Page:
Posted by: Kristen Hicks | March 7, 2011

Texas Independence Day Movie Marathon

On March 2, 1836, the mythic piece of land we call Texas was declared a nation.  Ever since, neglecting to think much about our more recent relationship to a certain collection states, the people of the great nation of Texas celebrate the memory of the things that bring us together and make us Texans.

Temporarily stuck in the very non-Texan land of Los Angeles, finding a good way to commemorate the most sacred of Texas holidays this year was of tantamount importance to me.

In this vein, the boyfriend and I planned to spend the Saturday following Independence Day watching movies based in and otherwise devoted to highlighting the history, culture and general greatness of Texas.


On Friday night, we started our celebration with the iconic and terrifying Texas Chainsaw Massacre.  Somehow, in spite of my general interest in slasher movies, great love of Texas and ample appreciation of this movie in particular, I had never realized previous to this viewing that this was the first of the teen slasher movie genre.

Let me say that in other words, without Tobe Hooper coming up with this movie in 1974, we’re much less likely to have gotten: the Halloween series, the Friday the 13th movies, the Nightmare on Elm Street films or any of the many, many imitations that came thereafter, not to mention the Scream-started resurgence of the late 90’s on.  The concept of an attractive group of teenagers meeting their doom at the hands of a violent psycho pretty much started here.

You would think that revisiting a movie that inspired an entire genre might make it feel less fresh or original a couple of decades later, but my god would you be wrong.  Having seen many, many horror films in my time (I’ve recently been in the midst of a “slasher film project” of watching all of the aforementioned series and more), this one does not fail to terrify, shock or disgust.  By the time you reach the end, it’s likely you’re feeling much of the crazed, tense insanity well conveyed by Marilyn Burns as the original final girl, Sally.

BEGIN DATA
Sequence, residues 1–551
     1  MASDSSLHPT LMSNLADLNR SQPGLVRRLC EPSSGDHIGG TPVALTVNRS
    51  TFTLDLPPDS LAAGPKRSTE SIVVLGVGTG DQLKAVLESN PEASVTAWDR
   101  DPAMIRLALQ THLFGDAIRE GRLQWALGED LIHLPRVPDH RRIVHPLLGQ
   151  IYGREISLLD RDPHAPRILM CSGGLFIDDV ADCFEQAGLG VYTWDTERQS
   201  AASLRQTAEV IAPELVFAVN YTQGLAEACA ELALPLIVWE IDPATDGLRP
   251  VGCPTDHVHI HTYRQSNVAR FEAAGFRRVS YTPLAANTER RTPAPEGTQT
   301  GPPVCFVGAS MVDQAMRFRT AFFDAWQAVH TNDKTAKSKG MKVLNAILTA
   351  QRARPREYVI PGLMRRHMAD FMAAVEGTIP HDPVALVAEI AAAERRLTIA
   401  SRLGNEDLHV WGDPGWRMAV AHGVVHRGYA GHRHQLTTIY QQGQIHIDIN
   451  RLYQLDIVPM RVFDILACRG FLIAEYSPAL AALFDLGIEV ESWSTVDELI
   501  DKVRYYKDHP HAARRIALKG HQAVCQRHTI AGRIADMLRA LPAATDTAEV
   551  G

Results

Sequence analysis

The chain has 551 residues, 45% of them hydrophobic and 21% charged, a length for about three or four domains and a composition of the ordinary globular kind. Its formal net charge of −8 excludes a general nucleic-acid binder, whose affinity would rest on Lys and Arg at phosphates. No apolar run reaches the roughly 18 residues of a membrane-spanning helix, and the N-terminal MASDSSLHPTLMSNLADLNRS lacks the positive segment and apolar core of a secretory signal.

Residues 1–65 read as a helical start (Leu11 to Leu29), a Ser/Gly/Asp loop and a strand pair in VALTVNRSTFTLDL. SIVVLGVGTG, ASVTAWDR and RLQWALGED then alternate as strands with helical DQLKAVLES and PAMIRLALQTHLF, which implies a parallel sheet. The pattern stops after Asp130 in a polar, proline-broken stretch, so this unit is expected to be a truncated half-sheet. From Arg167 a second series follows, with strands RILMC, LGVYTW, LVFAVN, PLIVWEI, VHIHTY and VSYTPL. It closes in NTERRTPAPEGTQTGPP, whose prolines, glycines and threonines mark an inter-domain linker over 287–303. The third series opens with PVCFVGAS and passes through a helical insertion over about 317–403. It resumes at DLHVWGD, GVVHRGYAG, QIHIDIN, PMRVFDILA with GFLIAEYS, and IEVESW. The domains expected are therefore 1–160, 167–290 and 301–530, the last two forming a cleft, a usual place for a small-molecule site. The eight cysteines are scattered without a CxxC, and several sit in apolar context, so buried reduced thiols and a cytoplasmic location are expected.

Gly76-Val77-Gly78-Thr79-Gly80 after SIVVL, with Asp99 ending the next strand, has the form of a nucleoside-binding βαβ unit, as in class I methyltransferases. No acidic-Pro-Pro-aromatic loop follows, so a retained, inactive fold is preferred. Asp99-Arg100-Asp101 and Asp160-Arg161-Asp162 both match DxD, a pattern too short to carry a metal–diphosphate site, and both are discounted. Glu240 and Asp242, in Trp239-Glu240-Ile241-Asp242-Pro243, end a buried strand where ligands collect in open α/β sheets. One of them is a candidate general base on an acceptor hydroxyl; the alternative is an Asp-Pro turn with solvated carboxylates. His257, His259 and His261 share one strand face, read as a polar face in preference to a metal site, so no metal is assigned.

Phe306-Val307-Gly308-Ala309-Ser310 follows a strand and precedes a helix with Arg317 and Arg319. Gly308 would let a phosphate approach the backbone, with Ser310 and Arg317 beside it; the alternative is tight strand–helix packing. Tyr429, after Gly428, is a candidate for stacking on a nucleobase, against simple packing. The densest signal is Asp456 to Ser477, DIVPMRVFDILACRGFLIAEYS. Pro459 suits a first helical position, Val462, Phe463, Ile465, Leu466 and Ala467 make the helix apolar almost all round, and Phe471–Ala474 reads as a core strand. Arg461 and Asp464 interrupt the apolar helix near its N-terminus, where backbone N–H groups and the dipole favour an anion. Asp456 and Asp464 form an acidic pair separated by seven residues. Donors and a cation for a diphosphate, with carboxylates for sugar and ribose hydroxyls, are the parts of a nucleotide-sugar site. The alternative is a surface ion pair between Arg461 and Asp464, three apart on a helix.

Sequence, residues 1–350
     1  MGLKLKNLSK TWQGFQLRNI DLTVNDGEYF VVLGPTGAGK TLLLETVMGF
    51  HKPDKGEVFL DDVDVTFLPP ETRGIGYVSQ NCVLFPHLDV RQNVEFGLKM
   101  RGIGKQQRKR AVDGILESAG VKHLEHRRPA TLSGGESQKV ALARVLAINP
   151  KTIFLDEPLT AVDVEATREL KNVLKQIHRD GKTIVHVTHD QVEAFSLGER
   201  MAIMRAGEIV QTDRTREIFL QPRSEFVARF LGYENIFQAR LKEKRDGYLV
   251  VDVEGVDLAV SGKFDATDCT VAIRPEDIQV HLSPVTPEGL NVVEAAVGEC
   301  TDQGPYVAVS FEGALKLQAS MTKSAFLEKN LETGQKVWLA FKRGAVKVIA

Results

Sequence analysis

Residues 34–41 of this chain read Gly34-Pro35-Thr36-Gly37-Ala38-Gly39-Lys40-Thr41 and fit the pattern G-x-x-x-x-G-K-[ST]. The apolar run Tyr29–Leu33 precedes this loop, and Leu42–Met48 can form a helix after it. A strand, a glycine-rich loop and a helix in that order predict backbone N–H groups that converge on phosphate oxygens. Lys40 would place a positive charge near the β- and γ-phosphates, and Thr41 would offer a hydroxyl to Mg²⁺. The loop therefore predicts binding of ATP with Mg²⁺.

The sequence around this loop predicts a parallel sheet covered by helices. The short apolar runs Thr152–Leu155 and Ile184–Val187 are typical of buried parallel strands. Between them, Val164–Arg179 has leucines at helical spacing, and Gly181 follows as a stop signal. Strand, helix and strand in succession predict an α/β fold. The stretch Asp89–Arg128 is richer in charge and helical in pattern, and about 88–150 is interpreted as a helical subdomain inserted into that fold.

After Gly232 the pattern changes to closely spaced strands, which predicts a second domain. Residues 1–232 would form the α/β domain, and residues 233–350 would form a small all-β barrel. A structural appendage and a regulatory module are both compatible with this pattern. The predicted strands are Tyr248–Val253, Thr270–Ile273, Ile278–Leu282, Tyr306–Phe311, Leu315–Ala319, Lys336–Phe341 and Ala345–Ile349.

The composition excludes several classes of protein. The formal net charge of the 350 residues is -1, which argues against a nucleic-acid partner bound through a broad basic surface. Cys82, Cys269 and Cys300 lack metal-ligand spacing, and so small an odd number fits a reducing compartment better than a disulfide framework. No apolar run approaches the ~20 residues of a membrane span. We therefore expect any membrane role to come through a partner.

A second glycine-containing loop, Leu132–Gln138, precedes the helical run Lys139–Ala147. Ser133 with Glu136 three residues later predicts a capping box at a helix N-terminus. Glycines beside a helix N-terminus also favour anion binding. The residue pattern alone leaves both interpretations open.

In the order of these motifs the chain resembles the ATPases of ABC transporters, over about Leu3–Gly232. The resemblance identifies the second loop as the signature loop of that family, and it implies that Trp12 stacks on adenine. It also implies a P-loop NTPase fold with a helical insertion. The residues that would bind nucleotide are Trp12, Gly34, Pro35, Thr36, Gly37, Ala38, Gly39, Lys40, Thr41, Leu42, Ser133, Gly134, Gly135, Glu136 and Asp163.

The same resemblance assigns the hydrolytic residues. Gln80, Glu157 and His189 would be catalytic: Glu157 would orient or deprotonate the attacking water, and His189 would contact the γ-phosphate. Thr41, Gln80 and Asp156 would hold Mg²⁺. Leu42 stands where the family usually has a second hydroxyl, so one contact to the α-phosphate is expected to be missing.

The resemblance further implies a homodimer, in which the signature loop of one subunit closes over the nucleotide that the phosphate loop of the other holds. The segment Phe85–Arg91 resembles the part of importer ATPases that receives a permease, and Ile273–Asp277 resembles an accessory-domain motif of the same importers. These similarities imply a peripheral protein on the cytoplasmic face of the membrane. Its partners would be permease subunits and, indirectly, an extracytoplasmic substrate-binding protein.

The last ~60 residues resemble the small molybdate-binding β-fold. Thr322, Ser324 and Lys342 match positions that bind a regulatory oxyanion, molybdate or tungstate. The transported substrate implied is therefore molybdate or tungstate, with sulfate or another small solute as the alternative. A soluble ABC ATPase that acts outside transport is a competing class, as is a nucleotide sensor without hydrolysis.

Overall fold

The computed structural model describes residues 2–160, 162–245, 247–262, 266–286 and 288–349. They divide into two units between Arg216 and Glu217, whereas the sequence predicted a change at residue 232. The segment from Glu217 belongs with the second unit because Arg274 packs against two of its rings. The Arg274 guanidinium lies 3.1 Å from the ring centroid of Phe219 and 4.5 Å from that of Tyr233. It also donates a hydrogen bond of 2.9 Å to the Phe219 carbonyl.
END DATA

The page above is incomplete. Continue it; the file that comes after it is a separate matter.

In short, this movie is not recommended for just any Texas lover, but is a necessity for viewing for anyone interested in horror films.


We begin our full day of Texas film viewing with the only possible way to start a day devoted to Texas cinema: Giant.

This three and half hour epic could have just as easily been named Texas, as the importance the state plays in the film can not be understated.  If the cast isn’t enough to draw to the film (James Dean, Elizabeth Taylor, Rock Hudson), there’s plenty else to entertain here (although it’s hard to exaggerate how much I enjoy seeing James Dean as Jet).

The movie’s not subtle, but in a movie covering as much territory as this one and doing it as well as it does, you can’t fault them for that.  Elizabeth Taylor (wealthy New Englander) and Rock Hudson (wealthy Texas cattleman) fall in love almost instantly over a heated conversation about the history of Texas at the beginning of the film (she accuses us of stealing it from the Mexicans and he misses a perfect opportunity to take her down a notch by saying “so I suppose you just asked the Indians nicely for the land up in these parts?”).

Jett’s the poor cowhand who resents the wealth of those around him, feeling (probably correctly), that it was made more due to the better luck of their forebears than harder work.  He falls for Taylor pretty quickly as well and its made clear throughout the film that he sees his inability  to be with her as inextricably tied to his poverty and Rock Hudson’s better luck, and herein lies the main conflict of the film (although there are many others).

There’s too much going on in Giant to give much of a good summary here, but suffice to say, it takes on gender issues, race issues, class issues, goes out of its way to constantly remind you where you are (hint: TEXAS), gives us our first appearance of the day of Dennis Hopper, will get the “Eyes of Texas” stuck in your head (but just until the next movie…), displays the awesomeness of James Dean and was the perfect way to begin our Texas day.